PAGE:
Well, that’s how I felt this past week.
For the past year, I have been studying for a Fitness Nutrition Specialization credential with the National Academy of Sports Medicine. This was no small credential. It involved 15 modules of videos + reading + quizzes + a final exam. I felt like I was back in graduate school earning my clinical doctorate!
And you better believe… I am excited that I passed my exam with a score of 92/100 on the first attempt!
Why did I put in all this hard work?
I was tired of my physical therapy patients and fitness clients asking me questions about nutrition that I didn’t have all the answers to. Now, don’t get me wrong, I know I’m not going to have the answer to every question that comes my way about food. However, I feel so much better equipped to respond to questions like:
Memorial Day is about honoring our fallen soldiers who have paid the ultimate sacrifice. These soldiers committed their lives to protecting our country and I salute them.
My dad, Dale F. Brandt, served for 42 years in the United States Naval Reserves and retired as a Senior Chief. We were fortunate that he never had to serve in a war; however, I do remember the Wednesday night he was called to “Stand-by and be ready.”
We had just returned home from my marimba lesson at the University of Cincinnati Conservatory of Music. He took the call and for the first time in my life I realized the significance of his military career. Prior to that, I just knew of the 1 weekend per month trip to Columbus, OH and the 2 weeks in Norfolk, VA.
This was different. This was the Persian Gulf War in 1991. This was real. For the next 24-48, our house was in a tizzy. Was he going? Was he not going?
The suitcase was packed. His uniforms were ready. His shoes were...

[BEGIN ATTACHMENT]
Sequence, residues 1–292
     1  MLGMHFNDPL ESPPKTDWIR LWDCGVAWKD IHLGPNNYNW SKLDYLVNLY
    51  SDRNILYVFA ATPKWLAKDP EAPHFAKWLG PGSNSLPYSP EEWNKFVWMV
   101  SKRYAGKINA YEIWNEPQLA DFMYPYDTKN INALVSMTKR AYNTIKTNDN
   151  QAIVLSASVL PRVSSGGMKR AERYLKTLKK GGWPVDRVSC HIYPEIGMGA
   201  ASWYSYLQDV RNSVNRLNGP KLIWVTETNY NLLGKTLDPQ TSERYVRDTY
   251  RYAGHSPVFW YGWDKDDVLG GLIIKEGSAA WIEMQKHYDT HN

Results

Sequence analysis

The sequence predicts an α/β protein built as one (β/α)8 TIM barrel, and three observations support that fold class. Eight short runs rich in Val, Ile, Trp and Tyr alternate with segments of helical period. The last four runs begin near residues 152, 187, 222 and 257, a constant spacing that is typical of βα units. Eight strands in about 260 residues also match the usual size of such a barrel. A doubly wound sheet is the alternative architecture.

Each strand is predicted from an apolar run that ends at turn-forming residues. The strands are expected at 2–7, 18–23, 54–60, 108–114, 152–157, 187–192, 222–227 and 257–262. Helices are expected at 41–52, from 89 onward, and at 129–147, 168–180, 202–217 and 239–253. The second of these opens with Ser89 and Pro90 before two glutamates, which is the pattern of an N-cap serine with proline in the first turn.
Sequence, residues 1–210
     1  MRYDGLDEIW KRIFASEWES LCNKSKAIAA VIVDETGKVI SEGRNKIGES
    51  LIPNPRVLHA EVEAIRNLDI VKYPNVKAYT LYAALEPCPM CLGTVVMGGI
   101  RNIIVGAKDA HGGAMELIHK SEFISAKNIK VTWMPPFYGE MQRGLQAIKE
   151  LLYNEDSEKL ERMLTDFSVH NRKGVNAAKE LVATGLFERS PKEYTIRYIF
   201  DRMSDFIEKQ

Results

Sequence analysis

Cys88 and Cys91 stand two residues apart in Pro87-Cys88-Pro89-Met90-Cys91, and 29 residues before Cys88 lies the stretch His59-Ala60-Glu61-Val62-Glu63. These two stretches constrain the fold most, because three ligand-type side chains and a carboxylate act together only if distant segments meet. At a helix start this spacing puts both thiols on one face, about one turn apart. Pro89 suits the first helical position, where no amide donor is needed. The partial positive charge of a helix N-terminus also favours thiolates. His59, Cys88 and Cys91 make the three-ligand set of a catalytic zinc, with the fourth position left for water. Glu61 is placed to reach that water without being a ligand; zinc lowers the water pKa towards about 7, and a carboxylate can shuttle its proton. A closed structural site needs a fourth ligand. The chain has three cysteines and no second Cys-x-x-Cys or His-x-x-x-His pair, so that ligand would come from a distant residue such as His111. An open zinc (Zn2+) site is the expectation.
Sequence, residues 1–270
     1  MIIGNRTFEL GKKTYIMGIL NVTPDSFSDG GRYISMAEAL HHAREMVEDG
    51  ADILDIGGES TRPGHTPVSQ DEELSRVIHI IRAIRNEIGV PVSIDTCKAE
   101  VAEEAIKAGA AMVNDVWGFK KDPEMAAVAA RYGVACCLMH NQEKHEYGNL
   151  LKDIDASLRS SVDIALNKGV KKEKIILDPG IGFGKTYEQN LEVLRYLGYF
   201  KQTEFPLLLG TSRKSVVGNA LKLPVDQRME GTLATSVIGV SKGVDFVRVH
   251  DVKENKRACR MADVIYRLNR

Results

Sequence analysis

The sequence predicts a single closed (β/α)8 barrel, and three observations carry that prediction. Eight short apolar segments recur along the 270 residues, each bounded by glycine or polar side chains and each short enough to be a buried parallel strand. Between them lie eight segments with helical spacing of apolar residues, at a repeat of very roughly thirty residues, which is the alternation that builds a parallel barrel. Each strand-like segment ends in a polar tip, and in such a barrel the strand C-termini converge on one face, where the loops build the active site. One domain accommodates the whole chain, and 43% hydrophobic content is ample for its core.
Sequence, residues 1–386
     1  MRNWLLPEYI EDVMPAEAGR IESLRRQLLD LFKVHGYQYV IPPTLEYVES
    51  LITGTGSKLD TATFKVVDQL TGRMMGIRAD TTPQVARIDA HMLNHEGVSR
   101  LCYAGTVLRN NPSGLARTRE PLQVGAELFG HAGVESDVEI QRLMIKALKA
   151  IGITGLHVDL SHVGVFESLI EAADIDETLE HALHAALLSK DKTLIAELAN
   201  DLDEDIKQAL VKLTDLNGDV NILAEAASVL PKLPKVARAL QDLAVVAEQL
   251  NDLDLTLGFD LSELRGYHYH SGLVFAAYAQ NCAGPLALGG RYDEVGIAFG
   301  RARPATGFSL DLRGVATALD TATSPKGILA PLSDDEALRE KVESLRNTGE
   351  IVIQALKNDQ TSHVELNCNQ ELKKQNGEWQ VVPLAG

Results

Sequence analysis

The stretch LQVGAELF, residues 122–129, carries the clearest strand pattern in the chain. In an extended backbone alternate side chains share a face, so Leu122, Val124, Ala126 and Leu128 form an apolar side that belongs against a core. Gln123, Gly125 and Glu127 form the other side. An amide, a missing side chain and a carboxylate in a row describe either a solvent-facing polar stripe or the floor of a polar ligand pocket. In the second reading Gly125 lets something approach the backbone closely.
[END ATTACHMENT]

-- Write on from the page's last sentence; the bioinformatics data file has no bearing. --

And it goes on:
It seems that quite a few people in my life have gone through loss - some very tragic like an accident or suicide and some somewhat expected due to aging or a terminal illness. I have experienced loss recently as well when my father-in-law passed away.
When someone loses a loved one there is a lot of immediate activity between the day of their passing and the day of the funeral. After the funeral, people tend to move forward and the family of the loved one who passed may or may not move forward right away. Besides grieving and emotions surrounding the loss, there are legal and financial issues that must be taken care of. It can be a very emotionally, mentally, and physically draining time. It is definitely one of life’s greatest stressors.
If you have experienced loss, I encourage you to talk about it. Lean on trusted family and friends. Talk with your pastor. Seek a licensed professional counselor if you need help through the grief process. Spend some quiet time reflecting...
Now that you have learned about the One Big Thing called INSURANCE that likes to dictate how you receive your physical therapy care so you can feel better, get in the way of you and your physical therapist deciding what is best for you, and refuse to pay a fair value for services delivered, I hope you can appreciate why I decided to change the game so you and and I could both WIN.
Throughout my 20+ years as a PT, I’ve created and developed the Feel Better Faster Formula to care for My People. I’ve already had this formula on my website and have created videos talking about it. The Feel Better Faster Formula guides you through the following steps to help you WIN!
This part is not new. What IS new is that as of May 20th, 2019 I will be moving all services online. This means you will have access to...
Yesterday, I shared how many hours I had to work to meet the demands of insurance requirements. I loved working with my patients but the documentation on the electronic medical record for 3 hours every night was killing me.
I literally went to work at 7:15 AM and left at 5:45 PM. I ate dinner with my girls then they went to bed. From 8-11 PM, I finished my patient notes. My husband sometimes got home from 2nd shift and went to bed before I did!
When I had that intestinal cancer scare in October 2014, for 10 days I thought I was going to die at a young age and leave my kids motherless. It was scary stuff and re-prioritized my thinking. In June 2015, I resigned and opened my physical therapy practice that didn’t take insurance. Do you know that it took 6 months of being home more frequently with my girls for my littlest girl to hug me?
Now she hugs me all the time and it’s the best feeling ever.
Did I make the right decision to resign and start my own practice?